Now Obama is saying that the US will veto the Palestinian bid for statehood. Under domestic political pressure Obama says that there can only be “negotiations.” Obama knows, as should anyone with half a brain, that to Israel “negotiations” means that Israel will talk, talk, talk, grab, grab, grab and build more settlements. Israel has already carved up the West Bank so that it looks like a piece of swiss cheese with little or nothing left for a viable and continguous Palestinian state.

    Netanyahu has also said that the Palestinians can set no pre-conditions and, of course, the Obama administration goes along but never has a word to say about the pre-conditions set by Netanyahu. Among Bibi’s pre-condtions are the following: no division of Jerusalem; Israeli troops to remain indefinitely in the Jordan Valleh; the Palestiian “state” must be completely demilitrarized; all large settlement blocs to remiann. Furthermore Bibi’s Likud party has clearly stated in its platform that there will never be a Palestinian state between the Mediteranean and the Jordan River. Has anyone ever heard Obama or anyone in his administration chastize Israel or the Likud party? I don’t think so.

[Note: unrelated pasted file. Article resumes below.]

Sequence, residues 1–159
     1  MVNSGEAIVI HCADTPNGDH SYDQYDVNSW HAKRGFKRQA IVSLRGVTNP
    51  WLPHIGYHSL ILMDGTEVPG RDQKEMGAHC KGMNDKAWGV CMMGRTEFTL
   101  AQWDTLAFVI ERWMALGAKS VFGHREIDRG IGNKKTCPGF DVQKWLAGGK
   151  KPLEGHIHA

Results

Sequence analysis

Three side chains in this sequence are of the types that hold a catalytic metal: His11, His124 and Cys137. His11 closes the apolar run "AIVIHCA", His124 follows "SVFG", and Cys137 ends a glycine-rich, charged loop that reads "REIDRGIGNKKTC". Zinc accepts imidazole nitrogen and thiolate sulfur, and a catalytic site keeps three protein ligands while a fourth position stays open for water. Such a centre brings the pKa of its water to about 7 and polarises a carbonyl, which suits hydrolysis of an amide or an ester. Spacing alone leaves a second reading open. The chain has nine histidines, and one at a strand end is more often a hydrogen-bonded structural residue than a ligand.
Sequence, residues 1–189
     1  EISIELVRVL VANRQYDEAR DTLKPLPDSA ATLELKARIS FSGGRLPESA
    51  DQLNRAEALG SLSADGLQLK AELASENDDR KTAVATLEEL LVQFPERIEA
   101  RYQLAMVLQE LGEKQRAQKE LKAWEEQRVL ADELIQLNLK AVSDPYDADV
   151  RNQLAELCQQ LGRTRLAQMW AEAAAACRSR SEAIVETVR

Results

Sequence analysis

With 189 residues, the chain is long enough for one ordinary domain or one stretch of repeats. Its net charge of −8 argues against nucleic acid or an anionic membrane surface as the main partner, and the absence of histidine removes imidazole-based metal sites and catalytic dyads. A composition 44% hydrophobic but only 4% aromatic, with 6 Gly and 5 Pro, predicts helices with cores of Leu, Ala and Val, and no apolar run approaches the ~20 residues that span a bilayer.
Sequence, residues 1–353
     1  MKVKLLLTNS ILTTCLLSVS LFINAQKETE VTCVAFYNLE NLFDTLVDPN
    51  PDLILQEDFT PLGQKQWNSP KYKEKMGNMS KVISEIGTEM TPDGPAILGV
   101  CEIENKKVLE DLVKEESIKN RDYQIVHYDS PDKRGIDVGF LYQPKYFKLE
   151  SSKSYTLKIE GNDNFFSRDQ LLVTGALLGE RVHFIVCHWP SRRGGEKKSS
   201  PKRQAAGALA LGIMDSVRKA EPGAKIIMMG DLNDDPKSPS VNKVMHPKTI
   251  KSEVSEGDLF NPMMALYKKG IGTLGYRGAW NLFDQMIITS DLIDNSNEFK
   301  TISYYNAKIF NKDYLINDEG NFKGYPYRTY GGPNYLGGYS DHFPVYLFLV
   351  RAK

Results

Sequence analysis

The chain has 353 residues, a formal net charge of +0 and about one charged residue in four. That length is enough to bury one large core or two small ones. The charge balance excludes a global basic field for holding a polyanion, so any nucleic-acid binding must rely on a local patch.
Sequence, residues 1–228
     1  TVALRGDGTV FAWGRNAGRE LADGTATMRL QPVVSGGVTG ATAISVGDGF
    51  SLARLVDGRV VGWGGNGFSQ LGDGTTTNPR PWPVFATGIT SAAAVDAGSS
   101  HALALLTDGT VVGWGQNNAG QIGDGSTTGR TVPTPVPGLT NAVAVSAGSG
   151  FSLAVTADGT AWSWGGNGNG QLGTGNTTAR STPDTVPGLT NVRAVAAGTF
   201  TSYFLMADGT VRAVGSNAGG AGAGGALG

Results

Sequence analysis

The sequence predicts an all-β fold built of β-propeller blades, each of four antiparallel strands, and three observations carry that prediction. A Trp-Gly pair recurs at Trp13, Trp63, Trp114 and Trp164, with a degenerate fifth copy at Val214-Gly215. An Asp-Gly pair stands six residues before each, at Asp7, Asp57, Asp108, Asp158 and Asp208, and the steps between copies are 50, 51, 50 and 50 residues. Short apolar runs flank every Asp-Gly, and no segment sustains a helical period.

Obama, just like those who came before him, are bought and paid for by the Isael Lobby. They know that their chances of election or re-election depend in great measure on Jewish votes and Jewish money.

    This is one Jew who wished that Obama would stand up for what is right and not for what is expedient.

  4. says

    Author Steve H. makes three notable big points: two are erroneous, and the third is correct – but possibly not for the reason Steve tacitly has in mind.

    (1) He says: “Both of our unending wars come out of the international tensions which focus on the
    borders of Israel.”

    Utterly WRONG. Both of our unending wars owe to elective decisions by warmongering presidents.